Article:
Not Superwoman

11 Mar

I am not Superwoman.  I really can’t have it all, and I certainly can’t do it all. As unsurprising as this admission may be, I need to keep reminding myself of it.

I have only so much time and energy. This I cannot change.  Therefore, I feel the need to spend what time and energy I have to do the most good.  But what is that?

Sure, the superheroes of comic books and movies can save the world.  That’s because they don’t have to stop a moving train and chase after a toddler, at least not at the same time.  Just imagine Superman having to change his clothes and his sidekick’s diaper in that phone booth.  Exactly.  Not to mention, those guys always have some adopted earth-mom or great-aunt who washes their colorful laundry, cooks their hearty meals and no doubt picks their dirty tights and capes off the floor each morning. I say, those women are the real heroes, the ones scrubbing the super-scummy showers and toilets. 

Of course, Wonder Woman changed everything.  In the seventies, she was my generation’s girlhood role model of female power, proving that women could do anything men could and thereby setting the field for the rest of us to prove the same thing in real life. But did Wonder Woman have a family to take care of?  I think not.  Although if she had, I’m sure she would have had really great full-time childcare and bi-weekly maid service.  But even then, she would have lived with the working-mom angst that is different but every bit as painful as the stay-at-home mom angst.  That’s my take anyway, having thrived and despaired on both sides of this proverbial fence.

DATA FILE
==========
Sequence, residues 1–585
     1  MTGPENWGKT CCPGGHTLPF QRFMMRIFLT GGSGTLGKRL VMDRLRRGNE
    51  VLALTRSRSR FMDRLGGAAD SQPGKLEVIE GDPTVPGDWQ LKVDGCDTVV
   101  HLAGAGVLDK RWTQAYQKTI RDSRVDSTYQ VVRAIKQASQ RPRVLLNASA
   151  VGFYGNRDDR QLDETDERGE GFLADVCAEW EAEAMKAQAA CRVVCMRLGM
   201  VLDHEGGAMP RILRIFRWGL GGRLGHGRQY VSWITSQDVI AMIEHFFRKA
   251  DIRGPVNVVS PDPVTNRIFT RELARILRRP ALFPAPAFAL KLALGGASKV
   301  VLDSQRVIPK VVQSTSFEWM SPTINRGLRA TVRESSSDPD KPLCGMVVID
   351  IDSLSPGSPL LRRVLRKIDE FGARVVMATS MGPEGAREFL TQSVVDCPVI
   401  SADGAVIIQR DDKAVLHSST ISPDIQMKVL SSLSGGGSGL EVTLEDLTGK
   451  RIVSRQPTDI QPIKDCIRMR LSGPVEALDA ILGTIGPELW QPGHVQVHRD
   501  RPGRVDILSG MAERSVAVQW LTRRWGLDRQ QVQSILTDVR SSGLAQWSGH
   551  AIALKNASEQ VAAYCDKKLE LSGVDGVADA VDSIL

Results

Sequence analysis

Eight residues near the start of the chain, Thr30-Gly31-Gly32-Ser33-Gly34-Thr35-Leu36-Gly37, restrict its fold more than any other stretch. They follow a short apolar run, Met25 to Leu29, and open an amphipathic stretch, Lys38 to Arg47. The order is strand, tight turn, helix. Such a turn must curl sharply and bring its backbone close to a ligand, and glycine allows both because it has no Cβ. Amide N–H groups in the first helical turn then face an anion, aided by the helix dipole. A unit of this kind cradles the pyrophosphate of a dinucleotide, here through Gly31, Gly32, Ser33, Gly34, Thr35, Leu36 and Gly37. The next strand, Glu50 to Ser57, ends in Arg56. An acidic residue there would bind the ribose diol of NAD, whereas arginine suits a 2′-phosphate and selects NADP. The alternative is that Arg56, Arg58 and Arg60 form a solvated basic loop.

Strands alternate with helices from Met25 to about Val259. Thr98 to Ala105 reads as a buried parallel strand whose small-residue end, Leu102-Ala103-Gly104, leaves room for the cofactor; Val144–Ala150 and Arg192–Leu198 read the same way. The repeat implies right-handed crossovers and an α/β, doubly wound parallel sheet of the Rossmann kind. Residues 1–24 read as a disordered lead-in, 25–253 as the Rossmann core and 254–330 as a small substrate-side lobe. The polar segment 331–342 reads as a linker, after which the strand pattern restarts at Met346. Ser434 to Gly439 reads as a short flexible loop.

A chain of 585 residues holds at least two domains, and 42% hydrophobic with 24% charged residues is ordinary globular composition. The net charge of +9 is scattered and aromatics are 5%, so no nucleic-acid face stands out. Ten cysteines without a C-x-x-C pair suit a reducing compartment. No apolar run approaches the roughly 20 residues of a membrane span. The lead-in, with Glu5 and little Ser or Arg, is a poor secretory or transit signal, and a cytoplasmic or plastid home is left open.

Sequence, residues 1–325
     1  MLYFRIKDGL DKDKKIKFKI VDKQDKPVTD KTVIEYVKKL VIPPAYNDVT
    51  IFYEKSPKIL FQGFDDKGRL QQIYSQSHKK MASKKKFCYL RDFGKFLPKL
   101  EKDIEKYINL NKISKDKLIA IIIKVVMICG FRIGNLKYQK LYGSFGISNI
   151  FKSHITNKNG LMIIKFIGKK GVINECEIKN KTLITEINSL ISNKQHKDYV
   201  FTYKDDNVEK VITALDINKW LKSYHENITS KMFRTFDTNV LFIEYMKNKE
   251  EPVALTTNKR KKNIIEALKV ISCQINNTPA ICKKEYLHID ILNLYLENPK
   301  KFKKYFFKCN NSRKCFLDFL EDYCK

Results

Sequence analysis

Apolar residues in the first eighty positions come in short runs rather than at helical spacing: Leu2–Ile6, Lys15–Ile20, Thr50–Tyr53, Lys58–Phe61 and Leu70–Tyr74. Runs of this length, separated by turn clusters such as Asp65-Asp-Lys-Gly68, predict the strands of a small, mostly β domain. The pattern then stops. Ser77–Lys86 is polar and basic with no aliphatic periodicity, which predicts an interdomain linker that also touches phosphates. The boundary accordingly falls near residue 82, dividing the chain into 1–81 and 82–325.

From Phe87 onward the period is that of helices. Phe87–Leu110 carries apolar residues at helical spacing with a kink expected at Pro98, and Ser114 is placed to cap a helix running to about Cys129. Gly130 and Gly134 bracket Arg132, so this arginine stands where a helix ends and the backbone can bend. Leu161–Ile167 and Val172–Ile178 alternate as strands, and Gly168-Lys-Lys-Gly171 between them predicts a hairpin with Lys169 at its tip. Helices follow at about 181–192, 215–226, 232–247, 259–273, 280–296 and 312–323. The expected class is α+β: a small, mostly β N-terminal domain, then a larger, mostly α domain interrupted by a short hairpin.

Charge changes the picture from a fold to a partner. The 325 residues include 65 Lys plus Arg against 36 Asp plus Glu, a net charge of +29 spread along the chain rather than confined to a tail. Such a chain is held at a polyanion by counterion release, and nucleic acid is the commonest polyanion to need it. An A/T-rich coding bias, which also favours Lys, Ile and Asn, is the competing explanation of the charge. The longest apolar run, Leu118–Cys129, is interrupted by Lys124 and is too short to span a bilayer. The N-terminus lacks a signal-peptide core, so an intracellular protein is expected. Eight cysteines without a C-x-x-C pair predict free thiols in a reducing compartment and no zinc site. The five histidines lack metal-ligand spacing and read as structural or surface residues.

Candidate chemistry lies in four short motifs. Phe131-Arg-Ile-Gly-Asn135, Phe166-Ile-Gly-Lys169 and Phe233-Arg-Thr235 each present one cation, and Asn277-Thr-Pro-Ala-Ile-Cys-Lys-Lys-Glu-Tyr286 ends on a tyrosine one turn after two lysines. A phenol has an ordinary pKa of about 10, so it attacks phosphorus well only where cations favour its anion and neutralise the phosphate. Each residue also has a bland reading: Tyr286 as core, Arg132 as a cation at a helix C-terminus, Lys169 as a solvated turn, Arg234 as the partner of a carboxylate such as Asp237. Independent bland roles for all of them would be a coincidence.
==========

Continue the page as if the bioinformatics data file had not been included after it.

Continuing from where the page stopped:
So what about our artist child?  This metaphor, used repeatedly in Julia Cameron’s books, has more meaning than ever for me.  With the many demanding roles and commitments we take on as women, what time or energy is left for us to “play?”  Yet at the end of the day–even a chaotic, messy, unglamorous day like most of my days–it still comes down to something else.  Ultimately, busyness is just another form of procrastination, a respectable-seeming alibi for not being where your heart is telling you to be.

My family “comes first,” as people often say.  But if I don’t include my artist child as part of my family, then the sailing won’t be smooth forever; a hurricane will inevitably form in the warm waters of my unconscious and hit land hard.  So once again, I am faced with the need to let go.  I must let go of things that are less important if I am to truly grab hold of those things that are most important in my journey as an artist and a spirit here on planet earth.

I am not Superwoman.  I am not Superwoman.  I cannot create art and do everything else I want or need to do, at least not at the same time.  I must choose.  I must prioritize.  I must walk. Because when my artist gets to play, the rest of my life seems happier, too.

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2 Responses to “Not Superwoman”

  1. followingthemuse March 11, 2011 at 4:20 pm #

    Spoken like a true not-so-super superwoman of today. Thanks.

  2. ticklingthemuse March 12, 2011 at 11:11 pm #

    You sound like Superwoman to me! =)

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